module specification

SM5051 - Crime and the Media (2022/23)

Module specification Module approved to run in 2022/23
Module title Crime and the Media
Module level Intermediate (05)
Credit rating for module 15
School School of Computing and Digital Media
Total study hours 150
105 hours Guided independent study
45 hours Scheduled learning & teaching activities
Assessment components
Type Weighting Qualifying mark Description
Practical Examination 25%   Poster Presentation
Coursework 75%   Essay (3,000 words)
Running in 2022/23

(Please note that module timeslots are subject to change)
Period Campus Day Time Module Leader
Spring semester North Thursday Morning

Module summary

This module examines the relationship between the media, crime and criminal justice. It examines the way crime and the law – and our understandings of them – are produced, reproduced and challenged in and through the contemporary media.  The module considers how crime and criminals have been portrayed by the media over time, and assesses the different theoretical perspectives applied to media representations of crime and criminality.  It examines the various ways the media actively work to construct crime as a news story, analysing the way the media sift and select crime stories, prioritizing some and excluding others, editing words and pictures and selecting particular tones and styles in their reports to create particular interpretations and viewpoints. The module also considers media portrayals of crime, criminals, victims and criminal justice agencies in a range of fictional and factual representations across TV, film and popular fiction. The social and cultural impact of these media representations is also discussed, with attention is given to the ways they may contribute to escalating fears of crime and how far they may contribute, themselves, to violence and criminal behaviour. Focusing on cultural, critical, and qualitative understandings of the relationships between crime and the media, the module draws on ideas and theories developed not only in the field of Criminology, but also the disciplines of in Sociology, Media, Communications and Cultural Studies.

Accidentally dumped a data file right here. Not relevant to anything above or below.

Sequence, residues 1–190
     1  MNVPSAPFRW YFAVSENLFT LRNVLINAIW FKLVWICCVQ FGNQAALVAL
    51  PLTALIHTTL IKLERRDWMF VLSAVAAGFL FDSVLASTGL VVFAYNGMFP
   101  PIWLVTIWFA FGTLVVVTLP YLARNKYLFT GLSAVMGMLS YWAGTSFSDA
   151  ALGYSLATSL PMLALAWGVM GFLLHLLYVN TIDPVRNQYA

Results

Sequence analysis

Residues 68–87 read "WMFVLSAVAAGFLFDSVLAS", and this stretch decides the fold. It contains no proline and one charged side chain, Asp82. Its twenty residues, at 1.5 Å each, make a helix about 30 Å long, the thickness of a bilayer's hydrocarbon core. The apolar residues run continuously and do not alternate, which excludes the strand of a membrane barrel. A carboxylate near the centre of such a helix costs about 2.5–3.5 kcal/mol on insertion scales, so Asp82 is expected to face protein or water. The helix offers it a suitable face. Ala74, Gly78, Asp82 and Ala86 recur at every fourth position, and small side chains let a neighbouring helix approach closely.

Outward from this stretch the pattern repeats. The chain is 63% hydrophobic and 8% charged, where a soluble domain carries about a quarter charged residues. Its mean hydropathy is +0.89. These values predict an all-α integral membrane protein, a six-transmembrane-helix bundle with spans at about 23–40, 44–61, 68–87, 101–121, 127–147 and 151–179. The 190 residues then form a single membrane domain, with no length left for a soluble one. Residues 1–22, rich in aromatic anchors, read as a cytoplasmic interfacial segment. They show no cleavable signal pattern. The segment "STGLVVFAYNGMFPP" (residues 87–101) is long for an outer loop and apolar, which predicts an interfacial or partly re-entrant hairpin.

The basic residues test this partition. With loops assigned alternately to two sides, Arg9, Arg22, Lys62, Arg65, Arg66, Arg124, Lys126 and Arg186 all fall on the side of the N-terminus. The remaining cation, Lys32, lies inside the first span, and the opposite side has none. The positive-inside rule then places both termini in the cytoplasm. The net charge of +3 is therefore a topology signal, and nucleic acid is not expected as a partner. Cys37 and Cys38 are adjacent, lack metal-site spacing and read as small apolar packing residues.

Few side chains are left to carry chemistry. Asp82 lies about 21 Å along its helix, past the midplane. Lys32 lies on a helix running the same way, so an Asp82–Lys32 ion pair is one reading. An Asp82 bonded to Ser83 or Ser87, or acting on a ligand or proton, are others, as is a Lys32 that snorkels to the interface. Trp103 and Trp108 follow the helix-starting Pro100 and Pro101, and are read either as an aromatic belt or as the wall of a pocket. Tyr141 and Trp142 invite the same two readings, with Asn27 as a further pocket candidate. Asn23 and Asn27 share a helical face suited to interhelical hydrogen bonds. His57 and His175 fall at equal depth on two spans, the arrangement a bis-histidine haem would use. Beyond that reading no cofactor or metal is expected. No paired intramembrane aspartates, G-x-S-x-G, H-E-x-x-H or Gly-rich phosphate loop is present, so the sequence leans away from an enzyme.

This module aims to:


  1. Examine the relation between media portrayals of crime and their broader social, economic and political context.
  2. Examine historical shifts in the way the media represent crime and criminal behaviour.
  3. Familiarise students with theoretical debates about the media’s effects on crime and criminal behaviour.
  4. Examine the connections between media portrayals of crime and criminal justice policy.

Prior learning requirements

Successful completion of Level 4


  • Crime, ‘Newsworthiness’ and News.
  • From Dixon to CSI – TV Portrayals of Crime and Criminal Justice.
  • The Media, Moral Panics and Crime.
  • Crime, Violence and Media ‘Effects’.
  • Media Representations of Women and Crime.
  • ‘Crimewatching’ – True Crime TV.
  • The Development of the Gangster Film.
  • Crime, Ethnicity and the Media.
  • Media Representations of Children and Crime.
  • Crime, Control and the Surveillance Culture.
  • New Media Technology and Crime – ‘Cybercrime’.

Learning Outcomes LO 1 - 3

Balance of independent study and scheduled teaching activity

This module will be delivered through a combination of modes of delivery, including formal lectures, seminars, film and television screenings, and individual tutorials. The mixed-mode module delivery will be used to encourage a supportive environment for individual and peer-group learning.